It’s difficult to like or empathize with any protagonist who utters the phrase, “Shut your mouth! Higher life forms are talking!” with himself being one of the higher life forms he’s referring to. In fact, that statement pretty much encapsulates what Brain Boy is all about. Matthew Price, also known as Brain Boy (much to his chagrin), is the most powerful psychic, telepath, and telekinetic on the planet, and he clearly sees himself as some sort of ubermensch.
Based on a very short-lived comic from the 1960s, this rebooted version from Dark Horse is presumably a lot darker than the original. The titular Brain Boy was orphaned as a child, raised in a top secret laboratory, and trained to use his incredible powers to be a weapon. Now, at 18 or 19, he works assessing threats for the United States Secret Service. He’s also been spoiled rotten in the process, given everything by his superiors, from money to cars to girlfriends, in payment for his amazing work.
When not one but two jobs of his go horribly, horribly wrong, Brain Boy finds himself on the trail of another psychic, seemingly the only person on the planet who’s more powerful than he is. Along the way, there’s a whole lot of death and violence, and a somewhat distressing amount of it is perpetrated by Brain Boy himself. Much of it is sort of self-defense, and all of it is directed against bad guys and their henchmen, so I guess it’s technically okay, but the utter casualness with which it’s treated is alarming to say the least.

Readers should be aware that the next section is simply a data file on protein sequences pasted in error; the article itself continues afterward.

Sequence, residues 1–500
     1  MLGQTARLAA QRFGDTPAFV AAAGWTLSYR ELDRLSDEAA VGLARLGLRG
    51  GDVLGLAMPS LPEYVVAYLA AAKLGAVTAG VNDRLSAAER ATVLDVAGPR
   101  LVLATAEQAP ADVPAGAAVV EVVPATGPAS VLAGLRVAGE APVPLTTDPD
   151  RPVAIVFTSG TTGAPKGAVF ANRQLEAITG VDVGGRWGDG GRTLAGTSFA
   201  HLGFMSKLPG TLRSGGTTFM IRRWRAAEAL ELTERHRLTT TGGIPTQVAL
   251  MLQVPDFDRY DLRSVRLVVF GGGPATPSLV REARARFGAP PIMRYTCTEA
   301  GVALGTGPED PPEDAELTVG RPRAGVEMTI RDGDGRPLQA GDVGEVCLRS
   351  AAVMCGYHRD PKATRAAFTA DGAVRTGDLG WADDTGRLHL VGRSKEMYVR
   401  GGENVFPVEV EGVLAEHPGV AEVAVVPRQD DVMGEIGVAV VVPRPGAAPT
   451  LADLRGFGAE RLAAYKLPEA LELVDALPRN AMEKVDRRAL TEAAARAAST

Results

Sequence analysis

For instance, when surrounded by enemy soldiers, he implants horrific memories into their minds to make them kill each other. When temporarily unable to use his powers, he shoots someone in the head. He threatens a possible enemy/possible ally who has valuable information by saying he’ll telekinetically squeeze them until their organs pop. The enemy/ally responds that such behavior isn’t in Brain Boy’s character, which is supposed to make us feel better, only that seems like exactly the sort of thing he would do.
The writers attempt to play off this casualness and make Brain Boy more likeable and charming by giving him that common superhero trait, a quick wit. Much like Spider-Man, he accentuates his adventures with a running commentary of quips to the bad guys and a wink and a nod to the audience. Except that with Spider-Man, it was always clear that he was a good person, trying to do the right thing against greater odds. “With great power comes great responsibility” and all of that. Spider-Man never referred to himself as a “higher being.”
With Brain Boy, on the other hand, it seems like the heroics he performs are nothing more than part of the job he’s getting paid for—or to salvage things when the job goes wrong. There’s little indication that he cares at all about the innocent lives that are at stake or the consequences if he can’t save the day apart from his bosses being angry at him. Because of this attitude, his witty quips come off less as charming, and more as arrogant. With Spider-Man, the witty barbs were his way of whistling in the dark, trying to cope with situations that would otherwise be pretty horrifying for a teenager to get caught up in. With Brain Boy, his quips seem more like expressing boredom with these situations and writing them off as inconsequential.
There’s still fun and excitement in this comic. The action is compelling, the plot is interesting, and it’s engaging enough for us to want to see how it all plays out. Not to mention the variety of mental abilities wielded by Brain Boy and others, and all the innovative ways in which they’re used. The art is good, too, colorful and detailed. If you can get past the near-Nietzschean arrogance and superiority of the protagonist, you might enjoy Brain Boy. For myself, though, I was mainly left feeling uncomfortable.